Urgent Care

Brodhead Vision Clinic treats urgent care patients during normal business hours. Please contact our office at 608.365.8575 if you need immediate treatment. If you have an after-hours emergency, Dr. Kelley can be reached at 815.975.8150

In Case of Emergency

If there is a life-threatening condition, 911 should be called, or the patient should immediately go to the nearest hospital emergency room. An eye emergency is a condition the patient perceives is not life-threatening, but needs immediate attention. Medical treatment should be sought immediately in the event of an eye injury.

Some of the signs and symptoms of an eye emergency which should be evaluated promptly include:

  • Sudden loss or distortion of vision
  • Sudden development of double vision
  • Onset of flashing lights or floaters
  • Any ocular trauma that causes persistent redness and pain, loss of vision or involves a chemical exposure

Blunt Trauma

Projectile objects, such as a ball or finger, can cause a wide range of damage including corneal abrasion, bleeding in the eye, or fracture of the orbital bone, rupture of the eyeball or retinal detachment.

Foreign Bodies and Miscellaneous Debris

Activities such as grinding metal or trimming tree branches can disperse particles that become lodged in the eye.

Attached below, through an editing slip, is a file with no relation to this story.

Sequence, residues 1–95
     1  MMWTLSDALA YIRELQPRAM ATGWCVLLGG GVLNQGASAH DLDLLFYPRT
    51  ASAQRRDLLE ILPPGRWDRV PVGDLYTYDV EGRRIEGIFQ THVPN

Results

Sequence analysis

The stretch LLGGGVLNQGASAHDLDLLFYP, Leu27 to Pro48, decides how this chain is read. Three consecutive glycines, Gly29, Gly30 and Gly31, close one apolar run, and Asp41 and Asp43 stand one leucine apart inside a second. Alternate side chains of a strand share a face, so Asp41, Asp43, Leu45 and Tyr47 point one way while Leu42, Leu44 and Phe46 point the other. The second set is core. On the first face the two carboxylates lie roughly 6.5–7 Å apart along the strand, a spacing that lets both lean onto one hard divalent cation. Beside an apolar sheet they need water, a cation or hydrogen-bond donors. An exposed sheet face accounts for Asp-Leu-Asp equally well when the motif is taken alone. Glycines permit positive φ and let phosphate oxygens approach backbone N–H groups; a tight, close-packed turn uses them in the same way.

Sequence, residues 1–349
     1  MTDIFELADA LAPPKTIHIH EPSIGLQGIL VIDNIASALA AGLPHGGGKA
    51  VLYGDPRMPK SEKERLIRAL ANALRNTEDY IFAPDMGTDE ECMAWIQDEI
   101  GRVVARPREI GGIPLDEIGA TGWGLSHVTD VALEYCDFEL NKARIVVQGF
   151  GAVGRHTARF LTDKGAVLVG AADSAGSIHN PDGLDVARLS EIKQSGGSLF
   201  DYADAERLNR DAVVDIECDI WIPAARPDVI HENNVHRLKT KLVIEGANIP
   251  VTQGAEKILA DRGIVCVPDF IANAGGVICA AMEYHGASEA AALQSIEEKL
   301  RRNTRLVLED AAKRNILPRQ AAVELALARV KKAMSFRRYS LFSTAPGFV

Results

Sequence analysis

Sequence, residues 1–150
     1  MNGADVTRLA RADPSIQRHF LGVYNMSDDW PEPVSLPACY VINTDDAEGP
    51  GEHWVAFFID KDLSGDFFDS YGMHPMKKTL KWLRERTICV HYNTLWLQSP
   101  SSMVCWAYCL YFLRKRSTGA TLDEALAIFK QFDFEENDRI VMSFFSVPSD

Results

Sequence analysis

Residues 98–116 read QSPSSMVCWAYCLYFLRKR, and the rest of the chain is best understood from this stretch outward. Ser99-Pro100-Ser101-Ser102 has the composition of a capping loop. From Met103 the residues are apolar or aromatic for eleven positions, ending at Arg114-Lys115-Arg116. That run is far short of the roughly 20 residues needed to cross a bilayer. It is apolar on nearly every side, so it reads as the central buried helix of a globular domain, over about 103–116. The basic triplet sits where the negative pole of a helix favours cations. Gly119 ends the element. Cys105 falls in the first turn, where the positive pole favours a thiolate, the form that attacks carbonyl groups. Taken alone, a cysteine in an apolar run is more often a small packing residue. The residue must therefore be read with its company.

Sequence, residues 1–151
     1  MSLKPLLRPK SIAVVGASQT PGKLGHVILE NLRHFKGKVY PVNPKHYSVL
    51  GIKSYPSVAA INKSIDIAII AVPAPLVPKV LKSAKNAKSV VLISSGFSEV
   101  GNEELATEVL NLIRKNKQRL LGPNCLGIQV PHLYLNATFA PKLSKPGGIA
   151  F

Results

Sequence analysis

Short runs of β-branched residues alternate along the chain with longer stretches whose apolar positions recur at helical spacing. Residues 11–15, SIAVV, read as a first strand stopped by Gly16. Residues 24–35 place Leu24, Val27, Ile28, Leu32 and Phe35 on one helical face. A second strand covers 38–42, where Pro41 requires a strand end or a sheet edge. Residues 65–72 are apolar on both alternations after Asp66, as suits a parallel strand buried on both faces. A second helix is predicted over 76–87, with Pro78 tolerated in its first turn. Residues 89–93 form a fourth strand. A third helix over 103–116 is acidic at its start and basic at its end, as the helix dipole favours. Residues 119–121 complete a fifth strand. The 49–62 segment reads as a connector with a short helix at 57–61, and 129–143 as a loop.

Chemical Injuries

Such occurrences can be devastating and commonly occur in laboratories or at home from accidental exposure to household cleaners, solvents or aerosol products.

Penetration of the Eye

Broken glass or a similar sharp object in the eye usually results in violent trauma.

Immediate Treatment

Whenever an eye injury occurs, certain steps must be taken in order to prevent serious damage and visual loss.

  • If someone has been exposed to a harmful chemical, immediate irrigation of the eye with water is of utmost importance, even before a phone call to the office is made.
  • If a blunt or penetrating injury of the eye occurs, manipulation of the eye should be avoided since further damage could be caused. A shield (such as a makeshift one cut from a Styrofoam cup) should be placed over the eye. A pressure patch on the eye may be harmful after trauma and should be avoided.